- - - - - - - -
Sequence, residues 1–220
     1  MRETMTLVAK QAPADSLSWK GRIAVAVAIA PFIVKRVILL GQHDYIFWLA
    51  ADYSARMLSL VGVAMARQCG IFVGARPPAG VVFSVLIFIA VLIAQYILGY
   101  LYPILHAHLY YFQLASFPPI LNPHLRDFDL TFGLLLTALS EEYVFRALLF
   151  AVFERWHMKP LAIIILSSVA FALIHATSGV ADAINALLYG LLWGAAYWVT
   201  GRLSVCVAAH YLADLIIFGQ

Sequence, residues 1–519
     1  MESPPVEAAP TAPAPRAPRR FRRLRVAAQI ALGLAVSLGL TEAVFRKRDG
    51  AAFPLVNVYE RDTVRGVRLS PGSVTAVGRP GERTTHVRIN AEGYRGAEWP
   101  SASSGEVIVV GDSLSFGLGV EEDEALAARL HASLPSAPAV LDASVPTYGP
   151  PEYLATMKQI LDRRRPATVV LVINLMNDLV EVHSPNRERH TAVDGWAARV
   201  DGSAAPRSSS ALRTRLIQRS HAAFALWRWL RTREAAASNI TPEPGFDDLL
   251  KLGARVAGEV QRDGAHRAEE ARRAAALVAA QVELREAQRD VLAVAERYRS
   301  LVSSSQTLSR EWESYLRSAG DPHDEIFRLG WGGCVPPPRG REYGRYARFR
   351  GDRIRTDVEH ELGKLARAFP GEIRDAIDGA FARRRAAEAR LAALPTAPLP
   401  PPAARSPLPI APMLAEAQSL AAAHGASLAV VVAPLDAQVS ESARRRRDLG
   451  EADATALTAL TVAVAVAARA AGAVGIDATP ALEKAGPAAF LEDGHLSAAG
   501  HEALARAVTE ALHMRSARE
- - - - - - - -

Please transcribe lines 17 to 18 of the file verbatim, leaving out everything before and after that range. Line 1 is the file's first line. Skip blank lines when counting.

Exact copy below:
   451  EADATALTAL TVAVAVAARA AGAVGIDATP ALEKAGPAAF LEDGHLSAAG
   501  HEALARAVTE ALHMRSARE